It has gotten soft in its advanced age, has it not?
That was one of the criticisms of the current Nissan Pathfinder. Once one of the toughest SUVs of its kind, the reception of it being just another car-like three row mid-sized crossover was lukewarm. It is handsome, but there were those who miss its rugged looks and outstanding capability off-road. They also did not get the memo that whispered: “psst…Nissan still sells the Xterra for that purpose.”
Obviously, the Pathfinder’s detractors missed the point. They missed the fact that it will never join its former brethren, the Xterra, into tougher territory again. They also feigned ignorance that Nissan needed a product to go up against the likes of the Toyota Highlander, Honda Pilot, Kia Sorento, Chevrolet Traverse, Ford Explorer and so forth. Those are the vehicles that sell – not rough and rugged SUVs that could be family unfriendly.
Arguments could fill a page, but will detract from the subject at hand. The reality is that Nissan chose the path of family friendliness and a front-drive skewed, unibody platform to continue the Pathfinder name.
How did it turn out for Nissan? Well…actually, not bad.
The Tennessee-built Pathfinder is stretched out on a mid-sized crossover platform with provision for three rows of seats. The look is accessible – meaning, it is handsome, easily recognizable and pretty much straightforward. The front end is bold, using Nissan’s tri-panel grille language used for its trucks and crossover/SUV productions. Headlights are big, complimented by fog lamps below in the lower grille. If you wish your Pathfinder to have command of the road, this design works.
Going reward is a straightforward three-glass profile with bold side flanks. All four doors open wide – something everyone would appreciate. The tailgate is huge and nice to operate. The wheels on this Platinum model are about right-sized with twenty-inch alloys shod with Bridgestone Dueler tires.
The term “right-sized” best describes the cabin. Front seat occupants enjoy big seats with plenty of power adjustments, including lumbar. Seats feel a bit firm, even with creamy leather upholstery. Second row occupants enjoy adjustments for rake and recline. These come into play for access to the third row. Depending on who sits in the second row, the third row is best suited for children. Cargo space is expandable, though generous even with the third row seats up.
For the driver, it is a familiar set up for current Nissan owners. With backlit instrumentation, a small switchable TFT screen in the instrument binnacle and a big touch screen in the center stack, there is enough information for the driver to decipher while on the road. The rearview screen is exception, which includes views surrounding the vehicle through a split screen.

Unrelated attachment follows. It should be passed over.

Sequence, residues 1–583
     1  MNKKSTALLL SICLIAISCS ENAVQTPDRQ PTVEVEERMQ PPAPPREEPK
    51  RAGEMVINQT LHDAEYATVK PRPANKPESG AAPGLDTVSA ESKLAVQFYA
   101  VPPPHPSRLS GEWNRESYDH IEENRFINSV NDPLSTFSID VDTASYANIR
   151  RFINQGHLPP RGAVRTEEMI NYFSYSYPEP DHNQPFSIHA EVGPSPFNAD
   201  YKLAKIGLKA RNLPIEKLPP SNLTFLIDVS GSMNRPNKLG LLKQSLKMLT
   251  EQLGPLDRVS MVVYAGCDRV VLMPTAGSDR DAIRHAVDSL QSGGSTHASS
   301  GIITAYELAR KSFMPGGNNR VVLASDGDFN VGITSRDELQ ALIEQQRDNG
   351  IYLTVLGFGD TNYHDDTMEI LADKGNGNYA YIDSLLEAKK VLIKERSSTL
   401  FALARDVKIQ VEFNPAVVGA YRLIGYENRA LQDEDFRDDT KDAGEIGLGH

Controls are good, with the exception of the steering wheel. The flip button is fiddly, while it appeared that some audio buttons simply did not work from the wheel. Luckily, central stack functions are within reach of the driver for those features. The tri-zone entertainment system is wonderful and fills the cabin with channel separation and good connectivity and variety via USB, Bluetooth, DVD playback with dual screens for the second row and SiriusXM satellite radio.
No question that Nissan makes one of the best engines in the world – the VQ series V6s. The VQ35 under the Pathfinder has 260 horsepower and 240 pound-feet of torque. It lives up to its accolades with smooth power and delivery. The standard maximum towing capacity for the Pathfinder is 5,000 pounds.
Nissan’s latest Xtronic continuously variable transmission is connected to the VQ35. Though the Pathfinder is now a transverse-mounted, front-drive model, they retain the term “4WD” for their system with power transferred to all corners through a knob on the console. A four-wheel drive Lock option is available when the going gets tough.
The one thing you will notice in the Pathfinder in comparison to its past is the car-like nature of its drive. It is softer now – much softer than before. That is evident in the solid ride that has car-like stability and smoothness in its suspension set. The Pathfinder absorbs various road surfaces better than its competition with the right amount of dampening and grip from its Bridgestone Duelers.
Going through the corners, you will feel some roll and lean. It is best to keep these turns at lower speeds, since the Pathfinder may come loose when make those high-speed interchanges on the highway. The steering is light, but not exactly sharp and crisp. You do get some on-center lock, but the wheel does feel a bit loose to turn. Brakes are decent in both regular and panic stops.
The advantage of having the Pathfinder on a car-like frame is an improvement in fuel economy. The average fuel consumption for this model turned out to be 19.9MPG. In comparison, the last generation Pathfinder with a larger V6 and less power averaged 15.3MPG.
Pathfinders are priced starting at $29,710 for a front-drive S model. This Platinum 4WD tester came in at $44,510. New for 2014 is a hybrid version of the Pathfinder available for all models except the S – starting from $35,970. The Hybrid features a 2.5litre supercharged 250-horsepower four-cylinder engine attached to an electric motor, a lithium-ion battery and regenerative braking.
Right off the bat, Nissan certainly did a good job in creating a three-row, life-friendly crossover/SUV. It is the exact vehicle for the times with our lives expanding – marriage, kids, pets, businesses, etc.
Of course, I will miss the capability of Pathfinders of yore. Yet, today’s go-anywhere families want something more comfortable than capable of going deep into the woods. This is where the newest Pathfinder will find favor.
Perhaps that is the best way to welcome the new Pathfinder as a big, three-row crossover.